Lawsuits seek to avoid responsibility
This op-ed first appeared in the San Antonio Express News on July 15, 2013.
By Garry Bradford
The Declaration of Independence and the Bill of Rights provide a solid foundation for our roles as citizens, but unfortunately, our founding fathers were a bit vague in the area of personal responsibility.
Perhaps they thought Americans had common-sense and accountability, but we could have used some guidance. All too often, people forsake their own responsibility and head straight to the courts when they suffer injury. Their actions cost all of us — with expensive verdicts and settlements that increase costs for goods and services, while driving others off the market.
Imagine this past Fourth of July without fireworks. Ridiculous? If a recent case sets a precedent, it is entirely possible. A New Jersey man sued a fireworks company, blaming it for partial blindness because he was not made aware of the potential dangers of lighting pyrotechnics. A jury found the company negligent for not providing the man a warning of the dangers involved. We do not let small children fire off displays for a reason — and here was someone over the age of 18 who needed adult supervision.
If you look at the death of high-diving boards — another summertime casualty of excessive litigation — it is not hard to imagine a July 4th celebration without fireworks.
What about the case of the hot bench? On a hot August day during the Dallas Cowboys annual scrimmage, a fan sat down on a sizzling hot bench and burned her backside. Most would say “Ouch!” and move. Instead, she filed a lawsuit.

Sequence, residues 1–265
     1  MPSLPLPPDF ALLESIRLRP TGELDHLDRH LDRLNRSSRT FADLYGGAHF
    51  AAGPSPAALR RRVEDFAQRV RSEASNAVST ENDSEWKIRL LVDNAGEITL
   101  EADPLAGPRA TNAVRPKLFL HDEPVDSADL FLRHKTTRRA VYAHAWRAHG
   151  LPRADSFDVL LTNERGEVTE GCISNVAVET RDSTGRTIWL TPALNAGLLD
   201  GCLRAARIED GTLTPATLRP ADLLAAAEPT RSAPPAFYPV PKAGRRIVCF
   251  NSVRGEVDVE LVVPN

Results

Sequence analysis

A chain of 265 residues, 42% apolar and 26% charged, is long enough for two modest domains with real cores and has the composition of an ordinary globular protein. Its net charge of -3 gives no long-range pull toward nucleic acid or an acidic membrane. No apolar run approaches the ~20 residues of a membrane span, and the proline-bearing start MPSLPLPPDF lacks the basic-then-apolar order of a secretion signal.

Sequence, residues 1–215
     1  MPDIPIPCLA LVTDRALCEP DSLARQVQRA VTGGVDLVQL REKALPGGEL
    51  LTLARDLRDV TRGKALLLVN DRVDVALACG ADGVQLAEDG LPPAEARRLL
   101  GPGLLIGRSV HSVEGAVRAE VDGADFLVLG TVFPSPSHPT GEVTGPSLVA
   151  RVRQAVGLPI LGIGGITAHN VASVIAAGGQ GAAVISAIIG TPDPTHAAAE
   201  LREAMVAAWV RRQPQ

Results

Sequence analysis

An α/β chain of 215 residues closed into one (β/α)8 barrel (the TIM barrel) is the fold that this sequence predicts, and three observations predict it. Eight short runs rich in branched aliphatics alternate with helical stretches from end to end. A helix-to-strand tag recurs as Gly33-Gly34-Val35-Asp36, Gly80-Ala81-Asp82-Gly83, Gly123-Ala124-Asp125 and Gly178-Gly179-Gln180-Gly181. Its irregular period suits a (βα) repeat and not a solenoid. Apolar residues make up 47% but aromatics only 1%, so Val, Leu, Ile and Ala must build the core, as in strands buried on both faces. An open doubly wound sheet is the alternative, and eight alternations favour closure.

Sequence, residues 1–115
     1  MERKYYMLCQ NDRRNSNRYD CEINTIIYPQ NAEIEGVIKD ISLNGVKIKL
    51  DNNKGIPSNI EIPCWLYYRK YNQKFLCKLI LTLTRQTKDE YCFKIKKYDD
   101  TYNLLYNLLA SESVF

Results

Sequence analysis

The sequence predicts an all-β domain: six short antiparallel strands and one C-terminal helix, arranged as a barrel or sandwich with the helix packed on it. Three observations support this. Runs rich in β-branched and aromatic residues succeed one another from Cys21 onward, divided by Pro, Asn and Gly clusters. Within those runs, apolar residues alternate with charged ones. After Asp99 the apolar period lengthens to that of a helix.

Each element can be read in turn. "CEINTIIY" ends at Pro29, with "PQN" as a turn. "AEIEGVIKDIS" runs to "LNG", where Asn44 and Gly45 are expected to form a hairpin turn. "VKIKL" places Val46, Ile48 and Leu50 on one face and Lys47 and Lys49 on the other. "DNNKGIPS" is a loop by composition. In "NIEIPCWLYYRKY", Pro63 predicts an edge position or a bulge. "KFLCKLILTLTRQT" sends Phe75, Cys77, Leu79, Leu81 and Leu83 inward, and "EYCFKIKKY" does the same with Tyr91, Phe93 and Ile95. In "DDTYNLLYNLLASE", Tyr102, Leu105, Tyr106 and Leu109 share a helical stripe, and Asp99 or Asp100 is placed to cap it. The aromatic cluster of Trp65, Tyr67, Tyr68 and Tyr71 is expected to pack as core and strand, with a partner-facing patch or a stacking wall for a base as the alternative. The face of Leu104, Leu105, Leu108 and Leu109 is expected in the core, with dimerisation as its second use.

And, speaking of cowboys, a Jefferson County man recently borrowed a horse and took off to round up a stray calf. He fell off the horse before he could corral the calf. According to him, the horse owner should have made sure he was capable of riding the animal beforehand. So he has filed suit against the horse owner and the owner of the ranch where the incident occurred.
Football and cowboys have no monopoly on ridiculous litigation. Another summer favorite — baseball — earns its share. Last year, a woman sued a 13-year-old Little League player who accidentally hit her with an errant pitch during a warm-up. She sued the boy personally, causing a sheriff to serve the boy the papers at his home. The lawsuit against the player requests $500,000, alleging the woman was “assaulted and battered by the throw.”
Instead of the pursuit of happiness, it seems too many Americans are in pursuit of the “fast-cash lawsuit” these days.
People will sue for almost anything, and it seems they will avoid, at all costs, taking any responsibility for their own actions.
Garry Bradford is chairman of Bay Area Citizens Against Lawsuit Abuse.